Nearly a year ago, Phillip Kennedy Johnson and Leonard Kirk revealed a new Marvel Zombies narrative in Marvel Zombies: Resurrection #1 involving a zombie Galactus and a Fantastic Four that’s way too inquisitive. This week, enter Marvel Zombies: Resurrection…#1. No, that’s not a typo — the series is getting a fresh start in a new four-part miniseries, and it’s not looking good for Spider-Man.
It’s not looking good for the world, either. The rotting zombie corpse of Galactus has tainted Earth and now most humans are cannibalistic monsters struck with a virus. Spider-Man more or less leads a team of only a handful of heroes including Val and Franklin. At the center of this narrative is Peter Parker’s promise to keep the Richards kids safe, while also living with himself after committing countless horrors to stay alive.
This is a slower, more contemplative zombie tale. It opens with an exciting action sequence that drops us into Times Square when Galactus arrives, but soon takes us to a remote wood where the heroes are trying to avoid getting bitten. This book works well at capturing Peter’s guilt and doubt about being a hero. You feel for him, especially if you’ve loved the character like many of us have for years. Through these quieter moments, we feel for him and get a sense of where he’s at mentally by how other characters treat and talk to him.
Consisting of basically three scenes — the opening, a scene in the woods, and a scene at a famous Marvel location — the book spends takes its time to reveal the headspace of its characters. Running 43 pages, this is an extra-sized issue filled with extra-sized details. Part of the fun of these alternate reality stories is seeing how the world has changed and where characters have ended up, and there’s plenty of fun details like that scattered throughout. I won’t spoil a single one, but know there are some cool weapons to keep an eye on.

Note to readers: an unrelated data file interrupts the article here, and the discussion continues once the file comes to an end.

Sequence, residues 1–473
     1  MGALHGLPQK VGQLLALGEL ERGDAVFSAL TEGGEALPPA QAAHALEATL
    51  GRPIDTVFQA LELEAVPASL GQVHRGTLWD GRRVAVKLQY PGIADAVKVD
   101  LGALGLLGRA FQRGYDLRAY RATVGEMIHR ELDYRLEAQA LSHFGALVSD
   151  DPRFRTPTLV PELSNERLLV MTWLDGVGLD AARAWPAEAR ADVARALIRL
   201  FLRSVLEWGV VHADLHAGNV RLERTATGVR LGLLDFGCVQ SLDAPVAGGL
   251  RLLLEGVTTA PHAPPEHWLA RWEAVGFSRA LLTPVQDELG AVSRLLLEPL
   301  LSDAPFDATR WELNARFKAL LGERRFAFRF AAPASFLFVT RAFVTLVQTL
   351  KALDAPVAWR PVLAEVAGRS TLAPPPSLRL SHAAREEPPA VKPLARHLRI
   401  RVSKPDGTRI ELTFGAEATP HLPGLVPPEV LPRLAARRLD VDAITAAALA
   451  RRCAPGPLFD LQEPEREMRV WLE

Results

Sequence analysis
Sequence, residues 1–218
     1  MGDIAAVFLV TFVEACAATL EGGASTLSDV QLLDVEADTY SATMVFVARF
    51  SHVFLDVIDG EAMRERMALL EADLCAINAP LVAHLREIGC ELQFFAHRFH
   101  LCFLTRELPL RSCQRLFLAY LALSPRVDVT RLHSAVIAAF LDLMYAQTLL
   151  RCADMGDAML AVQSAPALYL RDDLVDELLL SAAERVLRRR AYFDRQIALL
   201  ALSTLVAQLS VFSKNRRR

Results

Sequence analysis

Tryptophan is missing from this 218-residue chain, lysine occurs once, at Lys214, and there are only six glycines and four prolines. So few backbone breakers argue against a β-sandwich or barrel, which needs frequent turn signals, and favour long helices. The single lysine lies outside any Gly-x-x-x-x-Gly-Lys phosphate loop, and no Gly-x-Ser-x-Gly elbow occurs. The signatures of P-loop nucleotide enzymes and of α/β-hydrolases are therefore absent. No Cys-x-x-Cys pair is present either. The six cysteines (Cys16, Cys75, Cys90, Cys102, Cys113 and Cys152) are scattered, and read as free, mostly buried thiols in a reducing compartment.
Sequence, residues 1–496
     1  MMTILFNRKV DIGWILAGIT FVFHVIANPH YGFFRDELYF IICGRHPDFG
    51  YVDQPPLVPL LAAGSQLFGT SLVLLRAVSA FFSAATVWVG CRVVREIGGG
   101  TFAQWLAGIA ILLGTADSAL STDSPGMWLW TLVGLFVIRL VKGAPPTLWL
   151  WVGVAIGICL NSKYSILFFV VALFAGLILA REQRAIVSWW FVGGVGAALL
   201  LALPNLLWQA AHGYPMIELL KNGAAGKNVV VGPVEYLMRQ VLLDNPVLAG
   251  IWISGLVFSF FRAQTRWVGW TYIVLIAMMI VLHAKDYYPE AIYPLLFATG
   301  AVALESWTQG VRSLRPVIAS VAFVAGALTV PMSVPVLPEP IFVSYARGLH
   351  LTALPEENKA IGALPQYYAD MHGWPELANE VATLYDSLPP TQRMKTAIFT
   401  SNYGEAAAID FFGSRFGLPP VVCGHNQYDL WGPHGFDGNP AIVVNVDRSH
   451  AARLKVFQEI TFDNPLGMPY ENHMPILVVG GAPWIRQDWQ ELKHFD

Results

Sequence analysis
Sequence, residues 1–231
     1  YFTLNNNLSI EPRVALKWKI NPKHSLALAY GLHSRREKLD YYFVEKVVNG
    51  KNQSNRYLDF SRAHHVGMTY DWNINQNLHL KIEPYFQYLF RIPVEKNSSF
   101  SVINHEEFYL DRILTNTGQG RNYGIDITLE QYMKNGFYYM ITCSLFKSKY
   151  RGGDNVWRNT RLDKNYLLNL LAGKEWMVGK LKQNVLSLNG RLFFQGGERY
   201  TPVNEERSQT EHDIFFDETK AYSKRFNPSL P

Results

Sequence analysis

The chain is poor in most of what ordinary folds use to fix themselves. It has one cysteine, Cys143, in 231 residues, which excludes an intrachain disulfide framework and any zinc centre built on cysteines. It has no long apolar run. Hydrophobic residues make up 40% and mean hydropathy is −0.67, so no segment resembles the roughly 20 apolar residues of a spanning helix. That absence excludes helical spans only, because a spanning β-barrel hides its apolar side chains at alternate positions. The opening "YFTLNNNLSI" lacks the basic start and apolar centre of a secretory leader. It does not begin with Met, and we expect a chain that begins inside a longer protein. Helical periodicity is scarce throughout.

Leonard Kirk’s art paired with colors by Rachelle Rosenberg is effective for a book like this, with great close-ups and mid-range shots to show characters speaking to each other. For such a dark book, Rosenberg maximizes the effects and lighting. There’s great atmosphere in the forest scene, with eerie greens and blues, and the opening full-page splash is haunting in its use of colors. Speaking of, Kirk’s work on this page is excellent, drawing your eye all around as the mayhem takes out the city. You get the sense of horror from the street. Silhouette is used quite a bit as well, creating a haunting nature in most scenes.
Of course, if you strip out those fun nods, you’ll realize there isn’t a lot there. Parker’s struggle is interesting, largely because we’ve rarely seen him like this, but there isn’t a lot else here. Characters you think will last don’t, or clues to where the heroes go from here don’t have quite enough to go on to know how the plot will proceed. It glides along, offering us just enough details to pique our interest, but never goes deep enough to really matter. Still, it’s a fun ride if you can stomach the $5.99 price tag, and what it lacks in scares it makes up for in suspense.
Marvel Zombies: Resurrection #1 is a suspenseful slow burn story that has enough references to intrigue most Marvel fans. This one shouldn’t be missed by Spider-Man fans who want to see him go through a different kind of crisis. Still, it’s a slower book that doesn’t hook you all the way.
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